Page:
Oaxaca: new information-update on San Juan Copala

Since the 27 April attack on a civil observation mission en route to the municipality of San Juan Copalá in the Triqui region of Oaxaca by presumed members of the group Union of Social Welfare for the Triqui Region (UBISORT), several distinct voices have denounced the events. On 12 May, a number of special rapporteurs from the UN claimed that “we are profoundly concerned about the deterioration of the situation of human-rights defenders in Mexico.” The European condemned the 27 April attack and demanded that “federal, state, and local authorities do all that is possible to identify, arrest, and judge those responsible for these murders.”

Amidst the present humanitarian crisis suffered in San Juan Copalá, representatives of the autonomous community announced on 13 May that another humanitarian-aid caravan would be organized, this one constituted by at least 300 participants. Initially slated to take place in late May, it was for some reason delayed until June 8. In homage to the two activists who lost their lives in the attack on the caravan in April, the new convoy will be named “Bety Cariño and Jyri Jaakkola.” Jordge Albino Ortiz, a representative and member of the Movement for Unification and Triqui Struggle-Independent (MULT-I), noted that the “humanitarian conditions” lived in San Juan Copalá are at the moment “extreme,” given that residents of the community continue to be encircled by members of UBISORT.

Indeed, authorities of the community recently requested the intervention of the International Red Cross and its Mexican counterpart, so that they detail the ongoing humanitarian crisis in San Juan Copalá. The Diocese Commission on Justice and Peace from the Oaxacan archidiocesis and the Carrasco Briseño Regional Center on Human Rights, or Barca, demanded the “immediate” presence of the National Human Rights Commission (CNDH) in San Juan Copalá, given the “grave human-rights violations” experienced in the municipality.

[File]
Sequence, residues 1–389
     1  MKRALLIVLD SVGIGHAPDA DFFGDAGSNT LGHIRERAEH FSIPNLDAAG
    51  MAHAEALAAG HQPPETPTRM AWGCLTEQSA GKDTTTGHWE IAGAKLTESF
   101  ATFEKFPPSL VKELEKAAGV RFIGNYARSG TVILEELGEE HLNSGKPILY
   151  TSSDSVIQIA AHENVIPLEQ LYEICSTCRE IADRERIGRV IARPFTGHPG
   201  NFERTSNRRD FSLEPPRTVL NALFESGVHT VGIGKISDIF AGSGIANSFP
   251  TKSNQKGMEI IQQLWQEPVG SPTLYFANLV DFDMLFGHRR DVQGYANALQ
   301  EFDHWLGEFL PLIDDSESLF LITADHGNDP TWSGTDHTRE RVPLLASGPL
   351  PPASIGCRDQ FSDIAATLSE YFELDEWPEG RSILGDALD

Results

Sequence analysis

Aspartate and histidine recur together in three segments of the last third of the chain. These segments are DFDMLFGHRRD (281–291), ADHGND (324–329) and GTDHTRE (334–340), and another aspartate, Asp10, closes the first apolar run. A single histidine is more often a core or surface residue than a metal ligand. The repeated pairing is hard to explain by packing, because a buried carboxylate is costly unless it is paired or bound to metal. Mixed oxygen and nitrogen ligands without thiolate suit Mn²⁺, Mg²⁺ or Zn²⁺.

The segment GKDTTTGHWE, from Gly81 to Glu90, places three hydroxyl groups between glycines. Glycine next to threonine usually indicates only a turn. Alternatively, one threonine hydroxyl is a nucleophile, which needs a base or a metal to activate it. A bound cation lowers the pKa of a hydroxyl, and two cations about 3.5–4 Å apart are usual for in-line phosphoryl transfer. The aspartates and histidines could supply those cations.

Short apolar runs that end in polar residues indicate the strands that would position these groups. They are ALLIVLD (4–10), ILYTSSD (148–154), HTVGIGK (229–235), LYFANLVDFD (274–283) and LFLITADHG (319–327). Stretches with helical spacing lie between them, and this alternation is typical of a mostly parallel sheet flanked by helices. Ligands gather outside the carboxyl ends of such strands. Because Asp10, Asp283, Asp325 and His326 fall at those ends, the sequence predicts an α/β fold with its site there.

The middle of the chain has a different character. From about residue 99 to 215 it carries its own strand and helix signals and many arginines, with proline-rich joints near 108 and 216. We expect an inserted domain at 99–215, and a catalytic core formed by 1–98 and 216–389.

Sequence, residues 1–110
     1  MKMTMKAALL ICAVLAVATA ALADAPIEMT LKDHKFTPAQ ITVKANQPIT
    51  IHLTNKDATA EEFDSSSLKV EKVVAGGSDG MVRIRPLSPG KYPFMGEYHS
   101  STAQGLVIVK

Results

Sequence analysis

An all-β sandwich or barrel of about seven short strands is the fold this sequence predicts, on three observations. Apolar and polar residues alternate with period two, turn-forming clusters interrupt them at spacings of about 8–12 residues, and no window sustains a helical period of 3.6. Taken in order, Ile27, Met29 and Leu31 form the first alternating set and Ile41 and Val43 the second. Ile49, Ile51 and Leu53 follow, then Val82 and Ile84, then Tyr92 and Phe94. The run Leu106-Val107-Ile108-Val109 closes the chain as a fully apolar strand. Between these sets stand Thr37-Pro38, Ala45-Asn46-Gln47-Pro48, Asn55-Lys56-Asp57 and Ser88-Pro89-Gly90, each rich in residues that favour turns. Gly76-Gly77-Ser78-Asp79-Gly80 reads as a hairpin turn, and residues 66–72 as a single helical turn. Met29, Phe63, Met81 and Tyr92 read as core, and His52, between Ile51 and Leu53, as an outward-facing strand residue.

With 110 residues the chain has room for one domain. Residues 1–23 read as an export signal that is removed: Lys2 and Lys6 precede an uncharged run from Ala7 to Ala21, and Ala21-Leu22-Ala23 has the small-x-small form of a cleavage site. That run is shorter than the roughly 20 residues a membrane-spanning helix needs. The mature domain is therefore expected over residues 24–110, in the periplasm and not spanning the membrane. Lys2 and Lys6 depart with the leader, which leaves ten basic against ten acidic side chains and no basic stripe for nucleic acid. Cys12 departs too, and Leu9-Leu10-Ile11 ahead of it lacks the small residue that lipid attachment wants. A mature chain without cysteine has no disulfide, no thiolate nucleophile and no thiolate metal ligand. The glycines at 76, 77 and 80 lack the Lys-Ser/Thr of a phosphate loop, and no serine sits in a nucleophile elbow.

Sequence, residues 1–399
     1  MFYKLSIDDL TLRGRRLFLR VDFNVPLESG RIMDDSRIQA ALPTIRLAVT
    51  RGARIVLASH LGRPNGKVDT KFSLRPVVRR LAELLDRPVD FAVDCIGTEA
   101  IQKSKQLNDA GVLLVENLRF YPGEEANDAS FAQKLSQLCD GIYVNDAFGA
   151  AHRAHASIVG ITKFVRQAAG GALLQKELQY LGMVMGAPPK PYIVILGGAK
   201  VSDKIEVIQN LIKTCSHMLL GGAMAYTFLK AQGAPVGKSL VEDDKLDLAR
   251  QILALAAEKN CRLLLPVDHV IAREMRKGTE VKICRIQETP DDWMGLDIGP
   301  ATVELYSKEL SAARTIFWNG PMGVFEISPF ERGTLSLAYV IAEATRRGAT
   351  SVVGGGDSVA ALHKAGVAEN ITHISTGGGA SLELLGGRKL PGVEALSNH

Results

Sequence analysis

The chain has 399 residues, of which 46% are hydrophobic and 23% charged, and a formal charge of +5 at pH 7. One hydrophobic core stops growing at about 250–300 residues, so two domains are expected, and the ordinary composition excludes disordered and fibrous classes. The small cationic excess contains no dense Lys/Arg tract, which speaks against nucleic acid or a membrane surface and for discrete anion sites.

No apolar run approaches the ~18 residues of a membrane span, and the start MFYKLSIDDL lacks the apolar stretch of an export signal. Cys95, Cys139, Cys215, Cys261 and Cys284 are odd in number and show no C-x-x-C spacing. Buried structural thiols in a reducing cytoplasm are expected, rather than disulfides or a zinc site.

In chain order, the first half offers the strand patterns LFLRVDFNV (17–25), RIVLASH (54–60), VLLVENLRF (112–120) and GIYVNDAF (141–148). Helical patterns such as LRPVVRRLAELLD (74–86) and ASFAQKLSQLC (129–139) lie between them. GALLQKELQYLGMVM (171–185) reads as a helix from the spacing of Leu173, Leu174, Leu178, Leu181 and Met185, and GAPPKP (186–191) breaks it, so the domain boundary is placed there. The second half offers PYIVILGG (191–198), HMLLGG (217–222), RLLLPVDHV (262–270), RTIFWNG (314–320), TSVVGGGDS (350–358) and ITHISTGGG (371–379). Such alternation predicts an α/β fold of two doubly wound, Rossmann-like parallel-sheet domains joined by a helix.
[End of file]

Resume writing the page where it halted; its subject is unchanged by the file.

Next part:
An alarming development that occurred recently was the kidnapping and subsequent release of 11 residents of San Juan Copalá on 14 May, presumably by members of UBISORT. The detained were 6 women, 3 girls, 2 boys, and an infant, all of whom had been participating in a larger group from the autonomous municipality that were taken while returning to their community from the city of Santiago Juxtlahuaca. They were ambushed by armed men in La Sabana; according to their testimony, the men fired in the air, threatened them with death, and stole their money and goods.

Serious doubts exist regarding the security situation of those who would participate in the new caravan. Rufino Juárez Hernández, leader of UBISORT, announced that “not even the minimal [security] conditions” exist for a new convoy and that hence “lamentable events could occur.” He added that the presence of observers “with blue eyes and long hair” would not resolve the situation in the region, and that “there is no security for people to travel [here].” Evencio Nicolás Martinez Ramirez, secretary of governance in Oaxaca, warned on 13 May that “whoever attempts to come near the Triqui region puts herself at risk.”

For more information (in Spanish):

OHCHR Press Release on situation in Mexico (12 May)

Triquis announce new humanitarian caravan to Copala (La Jornada, 17 May)

Another humanitarian convoy will attempt to cross the paramilitary encirclemente of Copala (La Jornada, 18 May)

Red Cross is requested in San Juan Copala (El Universal, 18 May)

CNDH asked to come to San Juan Copala (El Universal, 17 May)

UBISORT detains 11 women and children from San Juan Copala in the Triqui sierra, it is said (La Jornada, 16 May)

UBISORT released women and children (La Jornada, 17 May)

Those who go to Triqui region put themselves at risk (La Jornada, 14 May)

For more information from SIPAZ:

Oaxaca: Information-update on observation-caravan attack (3 May)

Leave a Reply

Fill in your details below or click an icon to log in:

WordPress.com Logo

You are commenting using your WordPress.com account. Log Out /  Change )

Twitter picture

You are commenting using your Twitter account. Log Out /  Change )

Facebook photo

You are commenting using your Facebook account. Log Out /  Change )

Connecting to %s